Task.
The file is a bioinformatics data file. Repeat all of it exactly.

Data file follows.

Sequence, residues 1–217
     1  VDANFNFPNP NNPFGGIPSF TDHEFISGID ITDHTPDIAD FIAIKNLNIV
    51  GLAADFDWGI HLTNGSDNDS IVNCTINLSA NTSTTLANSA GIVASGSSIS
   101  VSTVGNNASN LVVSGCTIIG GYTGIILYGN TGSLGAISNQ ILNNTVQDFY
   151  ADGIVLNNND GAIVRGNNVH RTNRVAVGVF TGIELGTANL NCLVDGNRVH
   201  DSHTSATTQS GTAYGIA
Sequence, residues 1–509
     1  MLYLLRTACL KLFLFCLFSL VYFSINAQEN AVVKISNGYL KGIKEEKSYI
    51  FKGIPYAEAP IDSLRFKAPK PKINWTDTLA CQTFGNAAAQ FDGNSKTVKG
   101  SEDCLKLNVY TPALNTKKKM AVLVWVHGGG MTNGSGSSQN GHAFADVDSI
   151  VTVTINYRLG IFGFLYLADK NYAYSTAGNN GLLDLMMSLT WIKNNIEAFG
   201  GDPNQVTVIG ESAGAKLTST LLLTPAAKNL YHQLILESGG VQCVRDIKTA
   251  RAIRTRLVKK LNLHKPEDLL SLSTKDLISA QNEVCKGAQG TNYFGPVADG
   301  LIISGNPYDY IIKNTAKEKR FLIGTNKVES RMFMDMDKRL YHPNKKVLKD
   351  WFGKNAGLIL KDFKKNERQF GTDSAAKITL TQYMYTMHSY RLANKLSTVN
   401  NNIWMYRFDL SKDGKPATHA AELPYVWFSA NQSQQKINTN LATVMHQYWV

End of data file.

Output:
Sequence, residues 1–217
     1  VDANFNFPNP NNPFGGIPSF TDHEFISGID ITDHTPDIAD FIAIKNLNIV
    51  GLAADFDWGI HLTNGSDNDS IVNCTINLSA NTSTTLANSA GIVASGSSIS
   101  VSTVGNNASN LVVSGCTIIG GYTGIILYGN TGSLGAISNQ ILNNTVQDFY
   151  ADGIVLNNND GAIVRGNNVH RTNRVAVGVF TGIELGTANL NCLVDGNRVH
   201  DSHTSATTQS GTAYGIA
Sequence, residues 1–509
     1  MLYLLRTACL KLFLFCLFSL VYFSINAQEN AVVKISNGYL KGIKEEKSYI
    51  FKGIPYAEAP IDSLRFKAPK PKINWTDTLA CQTFGNAAAQ FDGNSKTVKG
   101  SEDCLKLNVY TPALNTKKKM AVLVWVHGGG MTNGSGSSQN GHAFADVDSI
   151  VTVTINYRLG IFGFLYLADK NYAYSTAGNN GLLDLMMSLT WIKNNIEAFG
   201  GDPNQVTVIG ESAGAKLTST LLLTPAAKNL YHQLILESGG VQCVRDIKTA
   251  RAIRTRLVKK LNLHKPEDLL SLSTKDLISA QNEVCKGAQG TNYFGPVADG
   301  LIISGNPYDY IIKNTAKEKR FLIGTNKVES RMFMDMDKRL YHPNKKVLKD
   351  WFGKNAGLIL KDFKKNERQF GTDSAAKITL TQYMYTMHSY RLANKLSTVN
   401  NNIWMYRFDL SKDGKPATHA AELPYVWFSA NQSQQKINTN LATVMHQYWV